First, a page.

Yes, I saw the African collection at the Ethnological Museum storage in Dahlem, especially some objects from Botswana, and I was able to identify some of the objects and share some additional information on them. Many objects in the collection of the Ethnological Museum were acquired during two historical expeditions around the world and some of them have very little information, so I was able to share what I know regarding the objects from Botswana and the curators where happy to learn about it and were able to add more detailed information to the catalogue. I remember one object in particular, which was displayed as being from Namibia and I happened to know more exact information on the origin of it, so I informed my colleagues here and they were able to get a better understanding of the African collections.
What is your conclusion after the four weeks you spent here? Was ist a good and fruitful exchange?
I think it was a good concept – even though it was just a few weeks, I personally learned a lot and got some important insights into how museums are run in Europe. In Botswana, we are not yet at the same level regarding the collection management and some other aspects of museum work, but we are working hard and the new insights I gathered will help a lot.
Cooperation between European and African museums and the idea of a shared, global cultural heritage are huge topics in Germany right now – do you think that it is the right way to go, from your perspective?
I think so and I strongly believe in the interconnectivity of the cultures of the world. For example, I was able to visit the Museum in Lehde during my stay here in Berlin, and I found some very fascinating similarities between the german historical arts and culture and the way we live in Botswana. So there must have been some exchange, especially during the era of European colonialism, and a lot of things are since then common both in Europe and Africa. We in Botswana have been colonized by the British, so I did not expect to seen many common things here in Germany, but there are some, actually. For example, in Botswana we have something called the „German print“, which is a certain pattern of colours on cloth, a style of attire. I was always wondering why it was called that, but when I was in Lehde, I saw the textile work that was worn by the women there and there are so many similarities, it was really fascinating.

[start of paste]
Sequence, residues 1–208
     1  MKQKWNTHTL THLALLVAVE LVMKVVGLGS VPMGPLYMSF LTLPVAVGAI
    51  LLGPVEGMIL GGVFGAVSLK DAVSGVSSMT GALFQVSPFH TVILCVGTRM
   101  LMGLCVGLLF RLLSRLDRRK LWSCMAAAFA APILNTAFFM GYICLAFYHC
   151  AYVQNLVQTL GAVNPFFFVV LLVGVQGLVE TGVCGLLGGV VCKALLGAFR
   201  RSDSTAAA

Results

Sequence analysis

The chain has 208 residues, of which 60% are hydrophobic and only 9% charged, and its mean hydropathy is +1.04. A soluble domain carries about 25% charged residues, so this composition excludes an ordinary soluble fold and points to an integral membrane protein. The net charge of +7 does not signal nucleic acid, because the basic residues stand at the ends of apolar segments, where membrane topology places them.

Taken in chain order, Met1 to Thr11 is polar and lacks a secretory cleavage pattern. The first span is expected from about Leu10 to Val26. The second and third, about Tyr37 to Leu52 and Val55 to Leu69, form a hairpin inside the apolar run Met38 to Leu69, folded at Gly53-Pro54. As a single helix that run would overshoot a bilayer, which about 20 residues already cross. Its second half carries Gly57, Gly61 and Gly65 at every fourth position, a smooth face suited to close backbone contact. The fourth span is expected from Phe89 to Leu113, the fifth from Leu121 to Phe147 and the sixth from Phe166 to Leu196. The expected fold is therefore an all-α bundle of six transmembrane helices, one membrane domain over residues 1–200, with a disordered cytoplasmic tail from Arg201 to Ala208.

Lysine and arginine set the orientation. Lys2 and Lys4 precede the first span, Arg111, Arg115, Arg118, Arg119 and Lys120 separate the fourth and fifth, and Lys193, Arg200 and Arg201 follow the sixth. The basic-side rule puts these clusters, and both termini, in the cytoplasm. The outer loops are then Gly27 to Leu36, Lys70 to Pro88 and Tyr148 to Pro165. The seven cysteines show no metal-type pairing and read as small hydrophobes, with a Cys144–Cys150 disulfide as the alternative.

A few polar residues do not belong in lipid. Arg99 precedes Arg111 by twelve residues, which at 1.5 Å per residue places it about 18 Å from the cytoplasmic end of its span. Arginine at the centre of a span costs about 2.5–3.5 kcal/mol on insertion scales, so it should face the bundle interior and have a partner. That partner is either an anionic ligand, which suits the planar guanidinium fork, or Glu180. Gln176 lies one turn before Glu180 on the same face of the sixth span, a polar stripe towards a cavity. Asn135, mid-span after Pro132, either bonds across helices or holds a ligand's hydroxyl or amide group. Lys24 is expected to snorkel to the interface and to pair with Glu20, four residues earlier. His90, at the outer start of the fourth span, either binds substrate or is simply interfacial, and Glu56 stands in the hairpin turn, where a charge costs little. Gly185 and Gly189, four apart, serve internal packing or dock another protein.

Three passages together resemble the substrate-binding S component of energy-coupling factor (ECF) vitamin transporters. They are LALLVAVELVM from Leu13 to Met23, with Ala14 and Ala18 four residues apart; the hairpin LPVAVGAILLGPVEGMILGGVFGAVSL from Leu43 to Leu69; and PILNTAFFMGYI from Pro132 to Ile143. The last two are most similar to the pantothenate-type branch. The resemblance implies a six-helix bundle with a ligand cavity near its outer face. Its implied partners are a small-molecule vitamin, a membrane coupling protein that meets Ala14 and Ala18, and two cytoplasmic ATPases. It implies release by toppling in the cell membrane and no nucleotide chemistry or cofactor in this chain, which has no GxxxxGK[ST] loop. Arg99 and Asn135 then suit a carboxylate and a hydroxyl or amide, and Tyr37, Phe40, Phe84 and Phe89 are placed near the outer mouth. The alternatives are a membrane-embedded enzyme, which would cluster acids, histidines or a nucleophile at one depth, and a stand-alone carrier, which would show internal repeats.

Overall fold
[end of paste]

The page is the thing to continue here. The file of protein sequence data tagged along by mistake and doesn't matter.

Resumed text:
What to you think about the restitution of objects that were brought to Europe in colonial contexts?
I know that Germany and Namibia have come to an agreement about the restitution of objects that were taken during the colonial era. And we in Botswana have lately ratified the UNESCO convention on restitution, so I believe that we will now begin to negotiate with foreign museums that have objects that belong to Botswana. I think an agreement might include returning objects as well as establishing a co-ownership. I don’t know which route we’ll take, but I am sure that this development brings many interesting new opportunities.
What is your favorite object in the collection of the MEK?
I found the „Weihnachtsberg“ very fascinating. It’s sort of a big diorama with model landscapes and mechanic figures that are moving and it tells the story of Jesus‘ birth and other famous, christmas-related scenes from the bible. It was created in the Erzgebirge region of Germany and is part of an old tradition of local ore miners. All the mechanical figures and th moving parts are very interesting, we don’t have anything like this in Botswana.
Zwei Forschungsprojekte am Ethnologischen Museum setzen sich mit dem gewaltsamen deutschen Kolonialismus in Tansania auseinander. Wie kamen die Objekte aus… weiterlesen